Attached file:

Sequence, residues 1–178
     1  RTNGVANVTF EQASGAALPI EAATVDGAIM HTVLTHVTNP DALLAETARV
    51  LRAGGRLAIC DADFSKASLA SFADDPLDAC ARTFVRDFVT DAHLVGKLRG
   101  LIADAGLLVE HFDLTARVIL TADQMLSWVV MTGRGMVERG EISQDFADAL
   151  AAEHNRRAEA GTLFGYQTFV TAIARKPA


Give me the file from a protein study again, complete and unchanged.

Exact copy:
Sequence, residues 1–178
     1  RTNGVANVTF EQASGAALPI EAATVDGAIM HTVLTHVTNP DALLAETARV
    51  LRAGGRLAIC DADFSKASLA SFADDPLDAC ARTFVRDFVT DAHLVGKLRG
   101  LIADAGLLVE HFDLTARVIL TADQMLSWVV MTGRGMVERG EISQDFADAL
   151  AAEHNRRAEA GTLFGYQTFV TAIARKPA